The Autumn Budget will take place on 22 November 2017. The Office for Budget Responsibility (OBR)’s official forecasts for the economy and public finances – used in the Budget – will be published on the same day. Here we highlight five things to look out for in their forecasts.

1. Productivity assumption

Few, if any, economists would disagree that productivity – as measured by output per worker – is essential for driving long-term economic growth and increasing living standards. Historically UK productivity had increased by around 2% per year, but since the 2008-2009 recession it has stagnated. Productivity today is only a little higher than it was almost a decade earlier.

In previous forecasts the OBR assumed that productivity growth would return to its long-run historical average, but this hasn’t happened and there are now fewer reasons to expect it to. Therefore, the OBR has said that they anticipate ‘significantly reducing’ their assumption for productivity growth in their November 2017 forecasts.

This isn’t a trivial matter for the Chancellor. We’ve already discussed how productivity growth is essential for long-term economic growth, so we can expect reduced productivity to result in lower OBR forecasts of economic growth. Lower economic growth can then be expected to lower tax revenues and increase the Government’s budget deficit. The impact on the deficit depends on the extent to which the OBR lowers its productivity growth assumption.

The bigger the fall in assumed productivity growth, the greater the impact on receipts and consequently borrowing.

2. How much ‘headroom’ will be left under the 2020/21 deficit target?

The spending and tax decisions taken by the Chancellor in the Budget are constrained by his targets for the public finances. The Chancellor’s target for the deficit applies to 2020/21: in this year, the underlying budget deficit – adjusted for the ups and downs of the economy – must be less than 2% of GDP.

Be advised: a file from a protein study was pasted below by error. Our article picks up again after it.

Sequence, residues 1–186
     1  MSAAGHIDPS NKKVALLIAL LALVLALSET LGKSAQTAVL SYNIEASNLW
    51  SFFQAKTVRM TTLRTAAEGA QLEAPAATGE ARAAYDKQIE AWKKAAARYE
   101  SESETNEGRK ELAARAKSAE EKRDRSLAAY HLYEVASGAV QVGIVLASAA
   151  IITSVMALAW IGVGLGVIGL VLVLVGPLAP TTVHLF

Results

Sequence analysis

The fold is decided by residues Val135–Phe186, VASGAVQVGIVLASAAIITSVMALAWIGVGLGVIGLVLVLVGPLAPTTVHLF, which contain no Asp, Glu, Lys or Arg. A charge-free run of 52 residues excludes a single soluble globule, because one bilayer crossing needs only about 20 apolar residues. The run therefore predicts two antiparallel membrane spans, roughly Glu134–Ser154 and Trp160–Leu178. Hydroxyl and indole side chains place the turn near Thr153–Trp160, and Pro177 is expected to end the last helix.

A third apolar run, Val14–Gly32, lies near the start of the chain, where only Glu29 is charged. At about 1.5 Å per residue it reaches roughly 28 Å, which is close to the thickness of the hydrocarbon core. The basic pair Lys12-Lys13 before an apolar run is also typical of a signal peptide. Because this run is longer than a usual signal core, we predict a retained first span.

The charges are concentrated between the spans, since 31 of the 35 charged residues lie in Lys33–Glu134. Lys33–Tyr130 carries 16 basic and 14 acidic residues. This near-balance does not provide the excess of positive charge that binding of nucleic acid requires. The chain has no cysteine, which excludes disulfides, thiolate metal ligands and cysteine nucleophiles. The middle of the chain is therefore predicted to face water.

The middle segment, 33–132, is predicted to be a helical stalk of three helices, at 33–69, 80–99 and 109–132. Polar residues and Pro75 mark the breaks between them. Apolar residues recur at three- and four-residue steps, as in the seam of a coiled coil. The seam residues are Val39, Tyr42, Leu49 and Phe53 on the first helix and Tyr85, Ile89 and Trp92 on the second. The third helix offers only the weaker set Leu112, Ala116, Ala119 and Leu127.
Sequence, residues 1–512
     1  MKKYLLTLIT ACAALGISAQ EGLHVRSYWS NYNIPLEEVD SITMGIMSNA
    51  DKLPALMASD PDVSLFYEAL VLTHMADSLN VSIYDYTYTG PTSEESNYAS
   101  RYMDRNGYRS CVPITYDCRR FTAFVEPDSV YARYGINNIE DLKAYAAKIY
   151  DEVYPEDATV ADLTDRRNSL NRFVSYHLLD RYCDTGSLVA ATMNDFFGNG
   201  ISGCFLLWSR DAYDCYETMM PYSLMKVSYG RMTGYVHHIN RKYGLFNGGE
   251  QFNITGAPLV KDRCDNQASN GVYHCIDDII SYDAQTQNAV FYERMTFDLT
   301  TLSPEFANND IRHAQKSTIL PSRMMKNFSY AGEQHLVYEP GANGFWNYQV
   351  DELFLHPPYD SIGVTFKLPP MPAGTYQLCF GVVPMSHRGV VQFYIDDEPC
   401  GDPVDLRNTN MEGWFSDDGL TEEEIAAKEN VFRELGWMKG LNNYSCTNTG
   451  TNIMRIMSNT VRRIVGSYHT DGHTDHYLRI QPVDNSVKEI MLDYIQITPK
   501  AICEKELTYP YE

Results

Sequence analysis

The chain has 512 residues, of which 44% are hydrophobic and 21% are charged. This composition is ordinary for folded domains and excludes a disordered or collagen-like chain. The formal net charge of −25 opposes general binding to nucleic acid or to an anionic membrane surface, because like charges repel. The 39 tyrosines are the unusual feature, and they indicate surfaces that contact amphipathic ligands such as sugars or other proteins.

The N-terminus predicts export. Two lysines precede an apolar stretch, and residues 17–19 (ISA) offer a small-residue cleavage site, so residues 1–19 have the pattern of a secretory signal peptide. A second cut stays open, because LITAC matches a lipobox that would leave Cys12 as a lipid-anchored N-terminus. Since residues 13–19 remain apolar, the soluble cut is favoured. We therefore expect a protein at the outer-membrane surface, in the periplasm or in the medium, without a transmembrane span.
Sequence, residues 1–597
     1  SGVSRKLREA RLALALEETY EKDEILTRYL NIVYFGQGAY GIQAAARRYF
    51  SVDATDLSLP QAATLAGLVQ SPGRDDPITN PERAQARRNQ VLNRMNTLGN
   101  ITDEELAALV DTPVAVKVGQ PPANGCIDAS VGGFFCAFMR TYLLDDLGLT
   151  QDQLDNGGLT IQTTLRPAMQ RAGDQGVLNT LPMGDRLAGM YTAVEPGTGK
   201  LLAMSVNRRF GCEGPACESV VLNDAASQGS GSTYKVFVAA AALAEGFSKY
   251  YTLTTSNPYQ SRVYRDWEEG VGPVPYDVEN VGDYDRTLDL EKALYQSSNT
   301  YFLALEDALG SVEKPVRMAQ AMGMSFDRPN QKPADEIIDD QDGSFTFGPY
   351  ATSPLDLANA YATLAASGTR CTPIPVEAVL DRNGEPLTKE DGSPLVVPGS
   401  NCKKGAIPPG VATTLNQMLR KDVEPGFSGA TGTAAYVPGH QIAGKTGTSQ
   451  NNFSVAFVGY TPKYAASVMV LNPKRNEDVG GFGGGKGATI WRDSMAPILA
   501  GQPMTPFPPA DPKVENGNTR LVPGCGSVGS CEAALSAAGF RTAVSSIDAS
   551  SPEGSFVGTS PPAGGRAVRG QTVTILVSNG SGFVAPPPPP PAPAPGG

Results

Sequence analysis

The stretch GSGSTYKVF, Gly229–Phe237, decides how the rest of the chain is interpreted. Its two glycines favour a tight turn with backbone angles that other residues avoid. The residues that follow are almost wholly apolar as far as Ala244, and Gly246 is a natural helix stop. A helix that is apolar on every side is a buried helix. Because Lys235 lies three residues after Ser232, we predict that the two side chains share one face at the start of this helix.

In March 2017, the OBR judged that the Government was on course to meet its deficit target ‘with a margin of 1.1 per cent of GDP’: a headroom of around £26 billion. The developments discussed in this post impact on how far this headroom will decrease or increase, before the Chancellor’s policy announcements are factored in.

While each development discussed here should have an impact, it’s fair to say that a significant downgrade in productivity could substantially eat into the headroom, outweighing the other potential improvements.

Back in November 2016, the OBR estimated that if they assumed productivity grows at 0.8% per year, rather than increasing gradually up to 2.0% per year by 2020, it would increase their borrowing forecast by around £30 billion in 2020/21. That isn’t to say that the OBR will make precisely this change to its productivity assumption, but it has said that it anticipates a significant reduction.

3. How far will the OBR reflect recent improvements in the deficit to their forecast?

Since the OBR’s last forecast in March 2017, the Office of National Statistics (ONS) has published outturn data for the deficit in 2016/17 and the first six months of 2017/18. The data suggest that there’s been an underlying improvement in the public finances.